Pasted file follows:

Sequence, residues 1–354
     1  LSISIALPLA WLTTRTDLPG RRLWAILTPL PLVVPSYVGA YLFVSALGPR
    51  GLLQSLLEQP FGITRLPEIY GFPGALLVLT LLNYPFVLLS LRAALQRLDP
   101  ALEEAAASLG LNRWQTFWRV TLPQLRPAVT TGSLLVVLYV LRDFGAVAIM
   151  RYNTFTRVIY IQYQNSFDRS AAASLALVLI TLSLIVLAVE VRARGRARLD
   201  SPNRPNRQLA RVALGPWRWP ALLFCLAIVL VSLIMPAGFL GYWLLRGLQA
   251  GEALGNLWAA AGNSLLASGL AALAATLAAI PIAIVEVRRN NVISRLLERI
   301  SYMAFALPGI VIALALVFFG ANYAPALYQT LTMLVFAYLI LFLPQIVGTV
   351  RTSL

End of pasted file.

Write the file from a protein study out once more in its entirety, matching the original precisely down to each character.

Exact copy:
Sequence, residues 1–354
     1  LSISIALPLA WLTTRTDLPG RRLWAILTPL PLVVPSYVGA YLFVSALGPR
    51  GLLQSLLEQP FGITRLPEIY GFPGALLVLT LLNYPFVLLS LRAALQRLDP
   101  ALEEAAASLG LNRWQTFWRV TLPQLRPAVT TGSLLVVLYV LRDFGAVAIM
   151  RYNTFTRVIY IQYQNSFDRS AAASLALVLI TLSLIVLAVE VRARGRARLD
   201  SPNRPNRQLA RVALGPWRWP ALLFCLAIVL VSLIMPAGFL GYWLLRGLQA
   251  GEALGNLWAA AGNSLLASGL AALAATLAAI PIAIVEVRRN NVISRLLERI
   301  SYMAFALPGI VIALALVFFG ANYAPALYQT LTMLVFAYLI LFLPQIVGTV
   351  RTSL